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Title: Who am I? Mothers’ shifting identities, loss and sensemaking after workplace
Authors: Kanji, Shireen
Cahusac, E.
First Published: 16-Mar-2015
Citation: Human Relations (2015), 68(9), pp. 1415-1436
Abstract: We analyse mothers’ retrospective accounts of their transition from professional worker to stay-at-home mother using a framework that integrates sensemaking and border theory. The data come from in-depth interviews with former professional and managerial women in London. Continuing struggles to reconcile professional and maternal identities before and after workplace exit illustrate how identity change is integral to workplace exit. The concept of ‘choice’, which takes place at one point in time, obfuscates this drawn-out process. Mothers pay a high cost in lost professional identities, especially in the initial stages after workplace exit. They cope with this loss and the disjuncture of leaving employment by moving back and forth across the border between home and work – a classic action of sensemaking. Subsequent communal sensemaking and community action bolster mothers’ fragile status at home, eventually leading to reconciliation of their loss and finally enabling them to view their exit ‘choice’ as right.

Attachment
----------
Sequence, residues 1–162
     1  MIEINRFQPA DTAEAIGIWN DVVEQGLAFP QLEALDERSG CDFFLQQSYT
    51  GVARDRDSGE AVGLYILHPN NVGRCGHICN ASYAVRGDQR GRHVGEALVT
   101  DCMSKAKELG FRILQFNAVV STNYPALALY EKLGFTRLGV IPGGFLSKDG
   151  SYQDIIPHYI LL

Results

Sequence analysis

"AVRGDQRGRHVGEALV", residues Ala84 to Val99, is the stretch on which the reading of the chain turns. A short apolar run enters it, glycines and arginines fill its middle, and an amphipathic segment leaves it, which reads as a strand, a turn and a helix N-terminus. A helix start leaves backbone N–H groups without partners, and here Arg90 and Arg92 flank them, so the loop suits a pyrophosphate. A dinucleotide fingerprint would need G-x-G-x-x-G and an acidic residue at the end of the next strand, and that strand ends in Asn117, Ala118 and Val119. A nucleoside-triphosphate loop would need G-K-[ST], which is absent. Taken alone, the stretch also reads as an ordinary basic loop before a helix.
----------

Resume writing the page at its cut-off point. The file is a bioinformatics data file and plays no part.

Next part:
DOI Link: 10.1177/0018726714557336
ISSN: 0018-7267
eISSN: 1741-282X
Version: Post-print
Status: Peer-reviewed
Type: Journal Article
Rights: Copyright © 2015, the authors. Licensee: SAGE. Reprints and permissions: Deposited with reference to the publisher’s open access archiving policy.
Appears in Collections:Published Articles, School of Management

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